Aneuploidy, the loss or gain of chromosomes, is the leading cause of pregnancy failure and birth defects in humans. In most cases, aneuploidy originates from chromosome segregation errors in the egg. Human studies strongly indicate that events in the fetal ovary contribute to chromosome segregation errors in the adult. Despite this, almost nothing is known about the factors that regulate fetal oogenesis. The studies proposed in this application will begin to elucidate the factors that control fetal oogenesis. Ultimately, the objective of these and future studies is to understand the causes of aneuploidy so that miscarriage and birth defects such as Down syndrome can be prevented. The studies in this application will test the hypothesis that estrogen signaling is imperative for the events of fetal oogenesis, and this signaling is mediated directly at the level of the germ cell by the estrogen receptor ? (ER?). Recent studies in the Hunt laboratory have demonstrated that, in mice, the estrogenic compound bisphenol A (BPA) and mutation of a classical estrogen receptor disrupt events in the fetal ovary.
The first aim will refine the time of BPA action, testing the hypothesis that BPA acts in the premeiotic germ cell to affect subsequent events of meiosis. To test this, mice will be exposed to BPA during narrow windows that target premeiotic and meiotic stages of fetal oogenesis and effects assessed by analyzing meiotic prophase cells. An in vitro gonad culture system will also be used to target more specific points of BPA exposure.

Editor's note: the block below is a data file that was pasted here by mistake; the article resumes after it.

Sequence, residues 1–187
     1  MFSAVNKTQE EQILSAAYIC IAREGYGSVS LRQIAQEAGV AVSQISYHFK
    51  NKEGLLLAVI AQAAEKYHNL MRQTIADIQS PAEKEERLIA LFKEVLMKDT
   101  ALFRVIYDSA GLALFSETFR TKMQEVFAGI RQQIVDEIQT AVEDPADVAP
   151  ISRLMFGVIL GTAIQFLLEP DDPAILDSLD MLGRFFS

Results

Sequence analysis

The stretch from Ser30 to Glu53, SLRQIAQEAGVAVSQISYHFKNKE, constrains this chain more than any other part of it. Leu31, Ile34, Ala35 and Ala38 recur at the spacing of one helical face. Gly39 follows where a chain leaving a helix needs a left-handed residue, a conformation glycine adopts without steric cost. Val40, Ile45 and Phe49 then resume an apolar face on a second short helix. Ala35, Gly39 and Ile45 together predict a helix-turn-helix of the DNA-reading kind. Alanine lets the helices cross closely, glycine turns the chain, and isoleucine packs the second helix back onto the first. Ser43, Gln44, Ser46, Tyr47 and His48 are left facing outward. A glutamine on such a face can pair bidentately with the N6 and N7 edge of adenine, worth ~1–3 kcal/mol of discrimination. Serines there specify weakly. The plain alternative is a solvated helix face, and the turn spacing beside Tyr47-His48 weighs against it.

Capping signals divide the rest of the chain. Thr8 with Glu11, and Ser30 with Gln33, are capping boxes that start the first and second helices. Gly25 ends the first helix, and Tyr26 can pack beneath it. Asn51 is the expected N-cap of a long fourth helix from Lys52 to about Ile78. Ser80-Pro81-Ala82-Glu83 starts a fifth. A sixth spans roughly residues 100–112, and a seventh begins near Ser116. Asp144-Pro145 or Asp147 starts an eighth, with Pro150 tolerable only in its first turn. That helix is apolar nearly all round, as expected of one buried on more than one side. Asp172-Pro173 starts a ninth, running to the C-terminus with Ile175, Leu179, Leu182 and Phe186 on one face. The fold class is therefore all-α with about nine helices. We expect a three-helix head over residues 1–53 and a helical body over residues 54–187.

The second aim will test the hypothesis that estrogen has a critical role in fetal oogenesis, acting directly t the germ cell via ER?. This will be tested with a germ cell specific ER? knockout mouse model. To investigate the role of ER? further, ER agonists and antagonists will be tested using the in vitro gonad culture system. These studies will begin to elucidate the role of estrogen in fetal oogenesis, the factors that contribute to aneuploidy, and the risk that endocrine disrupting chemicals pose to human fertility.
In humans, the primary cause of pregnancy failure and birth defects is errors in chromosome segregation during the formation of haploid gametes. Our studies suggest that estrogen may play a critical, yet previously unsuspected, role in the events of fetal oogenesis that set the stage for chromosome segregation in the adult. These studies represent a first step in understanding the role of estrogen on oogenesis and the potential impact of exposure to estrogenic compounds on female reproduction.